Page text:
The race for the White House loomed over the only televised debate for a Colorado U.S. Senate seat at the History Colorado Center in Denver Tuesday night.
The debate, televised by 9NEWS on Channel 20, started with a question to Republican Darryl Glenn on his wavering support for Republican presidential nominee Donald Trump.
“What I’m trying to show him is grace,” Glenn said.
That’s a reversal from this weekend when Glenn called for Trump to quit the race after Trump’s lewd conversation with Billy Bush became public.
The leaked audio from 2005 featured Trump endorsing the idea that famous men can grope women without their permission.
PHOTOS: Bennet, Glenn square off in U.S. Senate debate
And the questions about the top of the Republican and Democratic tickets spilled over into the questions the candidates got to ask each other.
Democratic Sen. Michael Bennet pushed Glenn on his on again off again support for Trump.
“When are you going to hold Hillary Clinton accountable?” Glenn said. “Hillary Clinton has been caught lying. Giving away classified information.”
Glenn went on to say that he’s “absolutely suspended my endorsement of Donald Trump.”
But like a friend or family member who’s made a mistake, Glenn wants to give Trump a chance to explain and repent.
One of the testier exchanges of the night came when Glenn pushed Bennet on whether he should stand up to
Clinton and demand that she apologize for calling some of Trump’s supporters a “basket of deplorables.”
“He didn’t call her out. She was wrong,” Glenn said. “Will you say that?”
Bennet said, “I didn’t have to because she said she was wrong.”
The moderators also asked Bennet whether he stands behind controversial remarks found in Clinton’s recently leaked Wall Street speeches.
“I haven’t read the speeches, but I will say I believe very strongly in free trade,” Bennet said in response to a question about whether he supports the idea of open borders and open trade.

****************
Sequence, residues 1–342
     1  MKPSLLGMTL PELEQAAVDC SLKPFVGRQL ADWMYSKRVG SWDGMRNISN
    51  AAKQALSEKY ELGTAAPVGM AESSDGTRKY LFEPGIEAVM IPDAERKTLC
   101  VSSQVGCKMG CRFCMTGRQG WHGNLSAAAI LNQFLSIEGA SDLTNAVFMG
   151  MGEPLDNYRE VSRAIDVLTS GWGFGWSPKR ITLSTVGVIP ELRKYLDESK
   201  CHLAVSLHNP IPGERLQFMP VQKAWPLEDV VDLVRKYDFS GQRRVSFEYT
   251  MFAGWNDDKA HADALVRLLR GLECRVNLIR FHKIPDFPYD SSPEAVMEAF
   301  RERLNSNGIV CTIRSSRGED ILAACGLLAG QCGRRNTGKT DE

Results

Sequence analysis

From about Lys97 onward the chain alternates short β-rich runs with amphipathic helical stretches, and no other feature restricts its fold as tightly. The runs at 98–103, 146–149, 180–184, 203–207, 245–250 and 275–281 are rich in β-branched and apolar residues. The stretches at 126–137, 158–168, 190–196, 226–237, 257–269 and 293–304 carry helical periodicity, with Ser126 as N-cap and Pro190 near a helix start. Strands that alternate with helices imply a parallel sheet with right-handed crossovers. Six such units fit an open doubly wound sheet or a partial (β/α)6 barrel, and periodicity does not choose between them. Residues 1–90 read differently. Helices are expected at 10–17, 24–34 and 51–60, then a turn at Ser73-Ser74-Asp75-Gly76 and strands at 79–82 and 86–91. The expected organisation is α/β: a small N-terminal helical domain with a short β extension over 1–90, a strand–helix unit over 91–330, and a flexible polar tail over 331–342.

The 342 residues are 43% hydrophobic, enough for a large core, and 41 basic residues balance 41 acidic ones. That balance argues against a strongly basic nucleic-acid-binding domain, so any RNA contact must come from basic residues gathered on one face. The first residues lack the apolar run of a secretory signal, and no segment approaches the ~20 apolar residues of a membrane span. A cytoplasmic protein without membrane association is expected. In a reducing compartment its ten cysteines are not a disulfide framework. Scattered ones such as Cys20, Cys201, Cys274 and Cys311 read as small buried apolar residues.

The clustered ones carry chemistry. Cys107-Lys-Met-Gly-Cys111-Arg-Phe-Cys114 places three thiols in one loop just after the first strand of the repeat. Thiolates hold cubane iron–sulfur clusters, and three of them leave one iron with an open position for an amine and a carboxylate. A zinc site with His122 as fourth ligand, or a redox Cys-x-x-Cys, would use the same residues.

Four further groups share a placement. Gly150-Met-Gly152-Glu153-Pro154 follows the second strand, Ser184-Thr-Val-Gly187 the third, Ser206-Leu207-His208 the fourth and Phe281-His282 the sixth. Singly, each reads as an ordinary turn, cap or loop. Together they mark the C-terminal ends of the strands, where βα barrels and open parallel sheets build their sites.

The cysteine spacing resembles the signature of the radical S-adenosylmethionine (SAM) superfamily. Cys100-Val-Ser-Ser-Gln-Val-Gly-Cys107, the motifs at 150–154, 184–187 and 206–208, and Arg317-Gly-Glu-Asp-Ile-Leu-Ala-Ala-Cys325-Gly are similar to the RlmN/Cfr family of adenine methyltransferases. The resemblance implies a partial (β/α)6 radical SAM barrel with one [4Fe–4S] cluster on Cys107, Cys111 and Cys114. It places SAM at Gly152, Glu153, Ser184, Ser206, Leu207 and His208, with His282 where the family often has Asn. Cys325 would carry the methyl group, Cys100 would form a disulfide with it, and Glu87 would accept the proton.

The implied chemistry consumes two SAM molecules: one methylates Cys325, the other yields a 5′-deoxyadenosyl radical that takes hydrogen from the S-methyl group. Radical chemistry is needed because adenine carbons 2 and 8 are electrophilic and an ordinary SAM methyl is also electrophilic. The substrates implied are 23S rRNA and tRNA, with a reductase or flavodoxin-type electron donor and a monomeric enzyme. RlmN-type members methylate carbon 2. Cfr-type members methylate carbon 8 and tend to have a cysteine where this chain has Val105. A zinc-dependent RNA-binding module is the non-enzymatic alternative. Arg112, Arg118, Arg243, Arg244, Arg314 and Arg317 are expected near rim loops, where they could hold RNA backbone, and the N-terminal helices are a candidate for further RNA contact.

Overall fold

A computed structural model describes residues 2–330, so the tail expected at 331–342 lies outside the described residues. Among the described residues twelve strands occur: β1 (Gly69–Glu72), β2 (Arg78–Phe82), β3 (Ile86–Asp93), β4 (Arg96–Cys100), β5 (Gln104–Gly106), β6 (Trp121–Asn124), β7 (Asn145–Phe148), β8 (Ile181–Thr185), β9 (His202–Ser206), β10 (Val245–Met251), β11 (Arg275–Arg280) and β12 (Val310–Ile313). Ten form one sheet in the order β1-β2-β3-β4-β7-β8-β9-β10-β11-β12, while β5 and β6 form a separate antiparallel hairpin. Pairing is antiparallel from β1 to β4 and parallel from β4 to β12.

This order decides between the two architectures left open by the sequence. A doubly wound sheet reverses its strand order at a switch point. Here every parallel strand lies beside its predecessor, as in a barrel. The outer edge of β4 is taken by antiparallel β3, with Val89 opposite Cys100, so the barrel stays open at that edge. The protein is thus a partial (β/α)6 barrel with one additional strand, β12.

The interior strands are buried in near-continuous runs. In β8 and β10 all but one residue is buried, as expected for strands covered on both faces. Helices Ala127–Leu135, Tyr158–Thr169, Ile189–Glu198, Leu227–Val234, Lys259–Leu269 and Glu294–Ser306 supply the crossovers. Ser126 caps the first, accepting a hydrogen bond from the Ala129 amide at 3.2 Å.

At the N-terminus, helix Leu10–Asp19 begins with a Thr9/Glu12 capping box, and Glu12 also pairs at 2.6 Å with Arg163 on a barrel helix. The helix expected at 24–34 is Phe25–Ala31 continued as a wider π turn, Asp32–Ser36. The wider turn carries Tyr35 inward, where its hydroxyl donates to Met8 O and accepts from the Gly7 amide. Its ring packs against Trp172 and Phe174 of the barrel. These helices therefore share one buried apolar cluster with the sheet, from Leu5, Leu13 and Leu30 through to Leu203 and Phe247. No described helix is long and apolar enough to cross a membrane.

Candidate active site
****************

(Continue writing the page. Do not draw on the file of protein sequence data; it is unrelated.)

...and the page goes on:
Glenn put some distance between himself and his party’s nominee on immigration, saying a banning a group of people from entering the U.S. because of their nationality or religion is “overly broad.”
“I do not support blanket bans,” Glenn said.
That’s different from what Glenn told Craig Silverman on his radio show last year. The Republican nominee called
Trump’s proposed ban on Muslims entering the country sound.
Bennet’s support for the Iran nuclear deal was a repeat topic during the debate. The incumbent senator faced questions from both the moderators and his opponent about his support for the controversial plan to keep Iran from becoming a nuclear power.
“That was the right vote,” Bennet said. “The consequences of not doing the deal would have been allowing Iran to build a bomb in secret.”
Occasional noise could be heard in the background of the debate from protestors outside History Colorado Center at 12th & Broadway in Denver, who were trying to disrupt the event. Some of them held signs in support of minor party candidates who weren’t invited to participate. 9NEWS requires 10 percent support in independent polls to justify inclusion in televised debates.